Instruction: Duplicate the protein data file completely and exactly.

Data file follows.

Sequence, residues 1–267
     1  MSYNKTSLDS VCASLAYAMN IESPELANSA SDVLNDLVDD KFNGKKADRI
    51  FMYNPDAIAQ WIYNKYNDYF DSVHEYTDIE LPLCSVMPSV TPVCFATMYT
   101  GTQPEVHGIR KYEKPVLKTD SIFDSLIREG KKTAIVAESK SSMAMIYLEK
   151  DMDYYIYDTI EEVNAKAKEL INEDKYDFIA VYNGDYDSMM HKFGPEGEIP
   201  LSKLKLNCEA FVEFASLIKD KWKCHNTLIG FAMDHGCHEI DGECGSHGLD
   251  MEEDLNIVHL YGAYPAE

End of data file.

Sequence, residues 1–267
     1  MSYNKTSLDS VCASLAYAMN IESPELANSA SDVLNDLVDD KFNGKKADRI
    51  FMYNPDAIAQ WIYNKYNDYF DSVHEYTDIE LPLCSVMPSV TPVCFATMYT
   101  GTQPEVHGIR KYEKPVLKTD SIFDSLIREG KKTAIVAESK SSMAMIYLEK
   151  DMDYYIYDTI EEVNAKAKEL INEDKYDFIA VYNGDYDSMM HKFGPEGEIP
   201  LSKLKLNCEA FVEFASLIKD KWKCHNTLIG FAMDHGCHEI DGECGSHGLD
   251  MEEDLNIVHL YGAYPAE